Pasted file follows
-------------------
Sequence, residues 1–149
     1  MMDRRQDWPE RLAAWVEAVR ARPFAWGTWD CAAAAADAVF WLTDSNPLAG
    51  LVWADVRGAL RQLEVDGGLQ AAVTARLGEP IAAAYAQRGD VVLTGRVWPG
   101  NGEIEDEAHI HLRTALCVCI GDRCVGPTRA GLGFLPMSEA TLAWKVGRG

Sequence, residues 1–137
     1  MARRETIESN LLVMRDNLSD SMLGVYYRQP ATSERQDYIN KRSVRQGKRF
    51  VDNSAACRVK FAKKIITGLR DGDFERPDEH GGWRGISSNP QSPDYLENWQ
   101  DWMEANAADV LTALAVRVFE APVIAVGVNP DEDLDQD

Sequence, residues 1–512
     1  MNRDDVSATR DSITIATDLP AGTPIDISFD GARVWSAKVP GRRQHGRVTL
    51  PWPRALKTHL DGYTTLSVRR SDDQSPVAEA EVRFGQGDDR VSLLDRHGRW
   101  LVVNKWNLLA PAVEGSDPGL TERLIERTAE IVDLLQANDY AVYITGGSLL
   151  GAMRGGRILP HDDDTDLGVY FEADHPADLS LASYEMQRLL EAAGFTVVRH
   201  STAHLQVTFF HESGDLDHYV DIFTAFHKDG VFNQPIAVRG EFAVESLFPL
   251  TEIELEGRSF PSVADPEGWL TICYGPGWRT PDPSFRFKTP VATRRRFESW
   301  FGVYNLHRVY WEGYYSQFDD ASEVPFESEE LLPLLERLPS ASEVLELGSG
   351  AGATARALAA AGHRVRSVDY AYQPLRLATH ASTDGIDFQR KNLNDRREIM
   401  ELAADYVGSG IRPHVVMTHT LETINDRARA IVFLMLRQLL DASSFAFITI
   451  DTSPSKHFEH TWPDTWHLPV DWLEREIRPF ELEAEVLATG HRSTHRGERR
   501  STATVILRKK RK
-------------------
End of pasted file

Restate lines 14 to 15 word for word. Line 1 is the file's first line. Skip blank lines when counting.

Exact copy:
   201  STAHLQVTFF HESGDLDHYV DIFTAFHKDG VFNQPIAVRG EFAVESLFPL
   251  TEIELEGRSF PSVADPEGWL TICYGPGWRT PDPSFRFKTP VATRRRFESW